William died suddenly shortly thereafter, it was said of a broken heart, and was buried in the Cathedral of Notre-Dame in Rouen.[9] His brother Henry blamed Becket for William's death, and this might well have been the beginning of the great conflict between them. When Becket was murdered 29 December 1170, one of the assailants was Richard le Breton who had been a knight in William's employ. When Breton delivered his fatal blow he shouted, "Take that, for the love of my lord William, the king's brother!"[3]

Possible marriage[edit]

According to some French genealogies, William FitzEmpress was also called William Touremine and married to Constance of Penthièvre, a sister of the Duke of Brittany Conan IV. They claim him as founder of the House of Tournemine as father of Oliver I and Geoffrey of Tournemine. However, there is no evidence for this marriage, and no evidence of William Tournemine's identity either.[a][10]



  1. ^ Several theories about the identity of the founder of the House of Tournemine exist but most of them are contradicted by historical facts. Anatole de Barthélemy mentions some of them: (1) the first Tournemine was an Edward Tournemine, nephew of the King of England, who fought with Peter Mauclerc against the King of France and married Peter’s younger sister Constance; (2) Edward Tournemine, an English captain, was sent to Brittany by Henry II of England to help Conan IV fighting his step-father Odo and the grateful Duke gave him estates in Brittany as well as his sister Constance’s hand in marriage; (3) the first lord of Tournemine married the younger sister of Guy of Thouars, Constance of Brittany's third husband; (4) William FitzEmpress, Henry II’s younger brother, married Conan IV’s sister Constance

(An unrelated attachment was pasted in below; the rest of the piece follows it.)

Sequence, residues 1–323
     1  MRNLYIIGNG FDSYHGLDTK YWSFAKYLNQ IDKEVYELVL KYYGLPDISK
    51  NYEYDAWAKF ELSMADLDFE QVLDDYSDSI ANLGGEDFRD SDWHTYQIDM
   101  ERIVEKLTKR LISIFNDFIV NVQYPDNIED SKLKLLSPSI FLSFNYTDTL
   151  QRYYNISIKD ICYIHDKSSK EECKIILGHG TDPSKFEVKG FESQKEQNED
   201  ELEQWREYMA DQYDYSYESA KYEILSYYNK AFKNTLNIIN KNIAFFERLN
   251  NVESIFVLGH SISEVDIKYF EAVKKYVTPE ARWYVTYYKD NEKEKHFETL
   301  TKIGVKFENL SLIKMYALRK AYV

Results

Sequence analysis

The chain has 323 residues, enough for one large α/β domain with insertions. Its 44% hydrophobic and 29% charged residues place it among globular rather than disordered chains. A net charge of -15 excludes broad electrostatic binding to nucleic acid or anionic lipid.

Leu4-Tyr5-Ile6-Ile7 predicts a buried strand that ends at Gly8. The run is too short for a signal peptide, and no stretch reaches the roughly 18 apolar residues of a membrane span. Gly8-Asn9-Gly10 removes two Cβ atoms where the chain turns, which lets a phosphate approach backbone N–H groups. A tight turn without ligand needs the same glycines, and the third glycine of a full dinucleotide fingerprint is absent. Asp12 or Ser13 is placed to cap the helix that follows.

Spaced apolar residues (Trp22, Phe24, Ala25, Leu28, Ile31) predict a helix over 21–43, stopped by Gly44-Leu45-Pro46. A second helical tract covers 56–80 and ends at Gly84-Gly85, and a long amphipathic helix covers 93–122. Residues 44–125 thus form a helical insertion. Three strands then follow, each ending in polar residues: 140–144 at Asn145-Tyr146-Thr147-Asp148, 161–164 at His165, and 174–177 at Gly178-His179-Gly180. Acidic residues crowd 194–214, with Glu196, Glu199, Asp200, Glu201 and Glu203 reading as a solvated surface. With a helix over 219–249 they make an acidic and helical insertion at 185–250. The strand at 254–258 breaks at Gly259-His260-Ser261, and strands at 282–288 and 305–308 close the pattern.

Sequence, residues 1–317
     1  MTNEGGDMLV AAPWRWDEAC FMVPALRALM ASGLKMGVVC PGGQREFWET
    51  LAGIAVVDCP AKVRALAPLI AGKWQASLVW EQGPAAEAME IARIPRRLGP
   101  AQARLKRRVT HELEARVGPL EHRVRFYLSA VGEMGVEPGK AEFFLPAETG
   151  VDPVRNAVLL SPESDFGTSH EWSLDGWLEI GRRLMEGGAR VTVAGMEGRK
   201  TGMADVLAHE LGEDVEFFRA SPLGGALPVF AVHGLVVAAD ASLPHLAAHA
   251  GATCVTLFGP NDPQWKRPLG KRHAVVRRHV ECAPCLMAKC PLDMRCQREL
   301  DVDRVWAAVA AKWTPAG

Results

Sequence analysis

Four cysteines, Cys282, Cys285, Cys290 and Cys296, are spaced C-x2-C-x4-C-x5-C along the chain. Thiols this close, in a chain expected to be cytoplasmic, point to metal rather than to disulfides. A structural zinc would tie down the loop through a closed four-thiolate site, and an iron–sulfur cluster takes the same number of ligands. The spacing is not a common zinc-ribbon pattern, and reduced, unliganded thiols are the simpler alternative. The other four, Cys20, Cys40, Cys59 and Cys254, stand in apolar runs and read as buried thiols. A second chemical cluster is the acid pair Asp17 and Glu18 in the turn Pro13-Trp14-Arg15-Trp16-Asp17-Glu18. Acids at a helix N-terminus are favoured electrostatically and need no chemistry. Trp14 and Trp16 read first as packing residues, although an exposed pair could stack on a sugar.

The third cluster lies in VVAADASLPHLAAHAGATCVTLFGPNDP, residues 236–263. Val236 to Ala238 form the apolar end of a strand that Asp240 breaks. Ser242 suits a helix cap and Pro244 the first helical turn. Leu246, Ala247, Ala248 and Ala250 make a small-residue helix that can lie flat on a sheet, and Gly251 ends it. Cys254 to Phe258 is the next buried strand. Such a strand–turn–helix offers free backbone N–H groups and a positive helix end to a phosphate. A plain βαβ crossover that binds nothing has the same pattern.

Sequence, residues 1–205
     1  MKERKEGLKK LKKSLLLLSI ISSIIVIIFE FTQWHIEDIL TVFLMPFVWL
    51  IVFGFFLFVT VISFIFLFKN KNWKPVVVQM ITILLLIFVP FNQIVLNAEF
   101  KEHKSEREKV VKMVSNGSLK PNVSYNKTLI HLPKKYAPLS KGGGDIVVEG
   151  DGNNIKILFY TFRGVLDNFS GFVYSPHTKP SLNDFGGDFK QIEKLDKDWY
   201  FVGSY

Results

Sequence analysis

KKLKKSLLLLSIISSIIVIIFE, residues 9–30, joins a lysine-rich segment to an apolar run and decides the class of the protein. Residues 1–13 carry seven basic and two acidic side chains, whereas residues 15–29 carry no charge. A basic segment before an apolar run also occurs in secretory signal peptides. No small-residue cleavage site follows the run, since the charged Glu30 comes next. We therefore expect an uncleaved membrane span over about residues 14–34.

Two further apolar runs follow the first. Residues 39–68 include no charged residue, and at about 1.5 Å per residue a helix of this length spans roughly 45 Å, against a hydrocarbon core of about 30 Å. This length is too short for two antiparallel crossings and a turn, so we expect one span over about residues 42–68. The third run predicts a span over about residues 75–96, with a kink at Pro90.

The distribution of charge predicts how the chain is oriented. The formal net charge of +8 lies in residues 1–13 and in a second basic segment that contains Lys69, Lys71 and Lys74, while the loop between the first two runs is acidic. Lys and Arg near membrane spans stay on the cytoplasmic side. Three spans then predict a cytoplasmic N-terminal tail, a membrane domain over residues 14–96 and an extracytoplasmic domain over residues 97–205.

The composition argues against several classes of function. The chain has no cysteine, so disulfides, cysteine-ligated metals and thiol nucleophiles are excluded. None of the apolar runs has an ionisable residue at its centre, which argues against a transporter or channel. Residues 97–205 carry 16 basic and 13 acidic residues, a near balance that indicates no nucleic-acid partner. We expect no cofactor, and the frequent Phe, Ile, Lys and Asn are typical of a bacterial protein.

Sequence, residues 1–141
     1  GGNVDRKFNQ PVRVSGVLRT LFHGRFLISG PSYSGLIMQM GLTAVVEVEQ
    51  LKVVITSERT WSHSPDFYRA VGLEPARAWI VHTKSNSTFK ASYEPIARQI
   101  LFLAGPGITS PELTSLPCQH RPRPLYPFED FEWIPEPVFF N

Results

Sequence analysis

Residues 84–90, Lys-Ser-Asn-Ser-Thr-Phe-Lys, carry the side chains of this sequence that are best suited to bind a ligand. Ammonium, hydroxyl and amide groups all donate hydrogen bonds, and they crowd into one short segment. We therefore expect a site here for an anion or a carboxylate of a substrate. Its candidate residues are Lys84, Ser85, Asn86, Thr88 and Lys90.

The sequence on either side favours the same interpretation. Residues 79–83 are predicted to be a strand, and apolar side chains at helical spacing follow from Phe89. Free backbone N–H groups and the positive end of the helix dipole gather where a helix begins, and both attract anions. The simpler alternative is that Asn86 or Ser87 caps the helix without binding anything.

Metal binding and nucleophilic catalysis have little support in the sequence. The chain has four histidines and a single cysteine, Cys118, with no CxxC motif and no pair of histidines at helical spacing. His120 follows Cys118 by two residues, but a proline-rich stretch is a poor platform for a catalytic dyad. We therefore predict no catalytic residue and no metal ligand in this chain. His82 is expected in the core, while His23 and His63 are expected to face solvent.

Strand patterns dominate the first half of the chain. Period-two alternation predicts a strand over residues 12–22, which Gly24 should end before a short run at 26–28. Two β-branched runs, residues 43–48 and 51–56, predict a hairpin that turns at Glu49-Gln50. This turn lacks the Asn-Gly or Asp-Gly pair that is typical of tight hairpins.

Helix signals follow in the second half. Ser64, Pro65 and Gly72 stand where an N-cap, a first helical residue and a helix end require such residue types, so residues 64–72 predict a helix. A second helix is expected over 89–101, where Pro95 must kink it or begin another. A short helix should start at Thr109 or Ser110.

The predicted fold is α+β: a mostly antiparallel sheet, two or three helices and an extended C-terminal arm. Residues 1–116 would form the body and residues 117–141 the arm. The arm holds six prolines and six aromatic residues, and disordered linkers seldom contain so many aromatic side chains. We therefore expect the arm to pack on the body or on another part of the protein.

1. ^ Amt, Emile (2004). "William FitzEmpress (1136–1164)". Oxford Dictionary of National Biography (online) (online ed.). Oxford University Press. doi:10.1093/ref:odnb/46709. (Subscription or UK public library membership required.)
  2. ^ Holroyd, Graham (2000). "The Earliest Known Depiction of the Royal Arms of England?". Coat of Arms. 192.
  3. ^ a b c Amt 2004.
  4. ^ Warren, W L (28 November 1977). Henry II. Univ. of California Press. p. 65. ISBN 978-0520034945.
  5. ^ Duby, Georges (8 December 1993). Juliet Vale, trans. (ed.). France in the Middle Ages, 987–1460: From Hugh Capet to Joan of Arc. Wiley-Blackwell. p. 178. ISBN 978-0631189459.
  6. ^ Warren 1977, p. 195.
  7. ^ Weir, Alison (2001). Eleanor of Aquitaine: A Life. Ballantine Books. p. 145. ISBN 9780345434876. Retrieved 21 August 2014.
  8. ^ Warren 1977, p. 449.
  9. ^ Stevenson, Joseph, ed. (1991). The Chronicles of Robert de Monte. Llanerch Publishers. p. 99. ISBN 9780947992781. Retrieved 21 August 2014.
  10. ^ Anatole de Barthélemy, Généalogies historiques. IV. Maison de Tournemine, in Revue nobiliaire, héraldique et biographique, published by M. Bonneterre de St-Denis, 1872, Paris, pp 1-10.

External links[edit]